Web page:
After attending an interview for a research scientist position in a regional research institute located 200 miles off a big city, I was offered the position despite my training being only marginally related to what I needed to do. In a way, the institute simply could not attract someone of higher caliber with more pertinent skills.
In the first two weeks, I was staying at my desk a lot, trying to read and acquire necessary knowledge and skills. In other words, I was not confident that I knew how to do the job without lots of reading. Fortunately, my boss was reasonably understanding, and he said to me to do as much I could, and do not worry about making mistakes. By combining reading with actual bench work, I became familiar with the job in three months.
The main duty of my job was to develop specific DNA-based assays for a bacterial pathogen of animals, while my PhD study dealt with a parasite. A similar project had been on going there for over five years before my arrival with no promising results. I had to use some lateral thinking and modify an existing procedure to get what I was looking for. Within 10 months, I got a little break through, which led to the completion of the major aim of the three-year project. Life became much easier if you had the solid results. And I began to get publications one after another.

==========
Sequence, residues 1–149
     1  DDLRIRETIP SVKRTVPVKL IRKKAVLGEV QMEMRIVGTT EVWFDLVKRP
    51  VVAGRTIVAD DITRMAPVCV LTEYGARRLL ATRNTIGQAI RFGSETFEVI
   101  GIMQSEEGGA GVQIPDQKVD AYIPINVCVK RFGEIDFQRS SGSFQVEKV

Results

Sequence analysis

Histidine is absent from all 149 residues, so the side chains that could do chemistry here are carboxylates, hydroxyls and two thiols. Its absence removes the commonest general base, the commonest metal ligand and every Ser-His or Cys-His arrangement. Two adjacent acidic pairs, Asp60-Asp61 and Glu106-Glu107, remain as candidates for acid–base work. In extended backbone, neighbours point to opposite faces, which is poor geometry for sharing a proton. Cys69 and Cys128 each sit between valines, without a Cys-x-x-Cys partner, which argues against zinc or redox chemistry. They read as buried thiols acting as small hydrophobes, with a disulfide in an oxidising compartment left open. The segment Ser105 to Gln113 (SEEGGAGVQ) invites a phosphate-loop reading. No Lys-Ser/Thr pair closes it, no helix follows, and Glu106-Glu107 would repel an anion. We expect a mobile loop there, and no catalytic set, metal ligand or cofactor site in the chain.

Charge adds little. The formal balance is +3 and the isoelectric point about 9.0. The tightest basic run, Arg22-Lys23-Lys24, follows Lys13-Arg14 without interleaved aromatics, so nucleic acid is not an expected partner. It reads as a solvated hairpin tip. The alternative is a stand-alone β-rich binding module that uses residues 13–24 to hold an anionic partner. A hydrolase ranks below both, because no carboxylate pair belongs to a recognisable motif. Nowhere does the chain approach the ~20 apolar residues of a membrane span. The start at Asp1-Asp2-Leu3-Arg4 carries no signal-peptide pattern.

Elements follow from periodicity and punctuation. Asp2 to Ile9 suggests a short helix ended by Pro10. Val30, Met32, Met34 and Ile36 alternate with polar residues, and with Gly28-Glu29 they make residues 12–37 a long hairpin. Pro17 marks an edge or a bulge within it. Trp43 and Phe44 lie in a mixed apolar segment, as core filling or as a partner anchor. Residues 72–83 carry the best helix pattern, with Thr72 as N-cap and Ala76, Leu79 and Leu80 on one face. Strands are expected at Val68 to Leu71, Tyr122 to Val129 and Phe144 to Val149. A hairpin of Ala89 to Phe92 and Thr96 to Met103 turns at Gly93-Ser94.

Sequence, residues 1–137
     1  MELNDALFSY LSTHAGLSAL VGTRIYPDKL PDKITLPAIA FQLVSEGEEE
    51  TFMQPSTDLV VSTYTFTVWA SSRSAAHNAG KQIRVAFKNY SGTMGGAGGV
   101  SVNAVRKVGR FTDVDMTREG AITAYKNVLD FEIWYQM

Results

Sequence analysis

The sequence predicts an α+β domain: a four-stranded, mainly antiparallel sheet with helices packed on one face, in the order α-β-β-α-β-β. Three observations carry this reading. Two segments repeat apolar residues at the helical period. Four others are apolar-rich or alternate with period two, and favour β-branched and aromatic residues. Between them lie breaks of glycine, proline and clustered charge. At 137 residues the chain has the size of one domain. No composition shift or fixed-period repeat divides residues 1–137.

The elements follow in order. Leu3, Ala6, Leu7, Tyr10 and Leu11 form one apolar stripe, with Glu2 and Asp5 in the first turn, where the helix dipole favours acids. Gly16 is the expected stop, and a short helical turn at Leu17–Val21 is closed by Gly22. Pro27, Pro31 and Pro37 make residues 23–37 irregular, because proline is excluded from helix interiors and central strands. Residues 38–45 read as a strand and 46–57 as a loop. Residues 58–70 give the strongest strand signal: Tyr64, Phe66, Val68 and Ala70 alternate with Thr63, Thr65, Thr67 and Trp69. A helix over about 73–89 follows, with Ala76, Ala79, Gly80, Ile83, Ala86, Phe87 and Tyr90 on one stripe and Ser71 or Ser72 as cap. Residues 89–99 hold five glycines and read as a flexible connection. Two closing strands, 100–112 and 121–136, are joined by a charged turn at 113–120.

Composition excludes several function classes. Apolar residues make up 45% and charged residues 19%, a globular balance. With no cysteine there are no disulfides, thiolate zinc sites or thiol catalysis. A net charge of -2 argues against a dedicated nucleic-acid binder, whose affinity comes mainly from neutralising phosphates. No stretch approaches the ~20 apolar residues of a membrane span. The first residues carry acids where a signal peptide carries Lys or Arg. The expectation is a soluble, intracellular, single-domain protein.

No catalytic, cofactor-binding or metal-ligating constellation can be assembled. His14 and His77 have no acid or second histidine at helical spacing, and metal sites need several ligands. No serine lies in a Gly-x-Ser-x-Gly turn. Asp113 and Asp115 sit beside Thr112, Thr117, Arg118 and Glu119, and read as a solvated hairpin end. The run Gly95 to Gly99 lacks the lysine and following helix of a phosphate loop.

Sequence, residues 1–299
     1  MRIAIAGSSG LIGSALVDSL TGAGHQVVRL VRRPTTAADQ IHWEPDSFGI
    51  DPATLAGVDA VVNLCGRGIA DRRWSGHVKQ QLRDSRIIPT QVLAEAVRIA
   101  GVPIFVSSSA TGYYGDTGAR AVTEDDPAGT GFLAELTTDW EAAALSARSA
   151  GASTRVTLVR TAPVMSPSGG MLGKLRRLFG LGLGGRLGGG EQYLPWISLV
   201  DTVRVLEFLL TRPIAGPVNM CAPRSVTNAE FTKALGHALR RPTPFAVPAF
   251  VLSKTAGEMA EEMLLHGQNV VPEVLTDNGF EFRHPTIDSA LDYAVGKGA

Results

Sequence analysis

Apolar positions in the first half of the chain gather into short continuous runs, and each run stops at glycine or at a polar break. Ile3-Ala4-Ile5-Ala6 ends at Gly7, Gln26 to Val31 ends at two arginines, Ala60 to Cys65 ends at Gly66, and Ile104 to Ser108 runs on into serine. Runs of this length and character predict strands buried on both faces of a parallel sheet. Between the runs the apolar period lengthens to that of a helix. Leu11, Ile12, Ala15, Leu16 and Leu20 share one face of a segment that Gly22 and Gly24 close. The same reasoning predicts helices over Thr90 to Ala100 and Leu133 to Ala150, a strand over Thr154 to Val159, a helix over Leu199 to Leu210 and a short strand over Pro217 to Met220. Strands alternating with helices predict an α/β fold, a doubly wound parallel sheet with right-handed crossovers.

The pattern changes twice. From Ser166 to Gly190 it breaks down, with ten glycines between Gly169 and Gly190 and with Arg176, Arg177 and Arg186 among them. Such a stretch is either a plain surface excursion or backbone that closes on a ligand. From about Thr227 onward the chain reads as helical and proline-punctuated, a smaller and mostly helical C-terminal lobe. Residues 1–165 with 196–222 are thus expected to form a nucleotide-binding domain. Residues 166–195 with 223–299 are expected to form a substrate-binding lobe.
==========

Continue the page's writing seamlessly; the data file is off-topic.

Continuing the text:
About 15 months into the job, my boss found a new position in a big city, and I was left on my own with the project. While I had no trouble filling his shoes in overseeing the existing project and preparing annual reports, I encountered some difficulty on the personnel side of the job. In fact, with my direct supervisor gone, the institute director took over the role in signing my annual assessment form, which was essential for getting annual pay increments. I remember after I filled the annual assessment form, I handed it to this director for his signature. He told me to leave it on his desk, and said he would get on with it as soon he finished the current task at hand. Having waited patiently for over three months, I still did not receive the signed form from him. So I prepared another manuscript and put him as a second author, who had no intellectual inputs whatsoever. He went through the paper fairly quickly, and commented that it was a well-written manuscript, which could be submitted with only a few minor corrections. A few days later, he returned my annual assessment form and said your work performance was highly satisfactory, and you deserved the annual pay increment. This taught me an important lesson in life: Tian xia wu ya yi bang hei.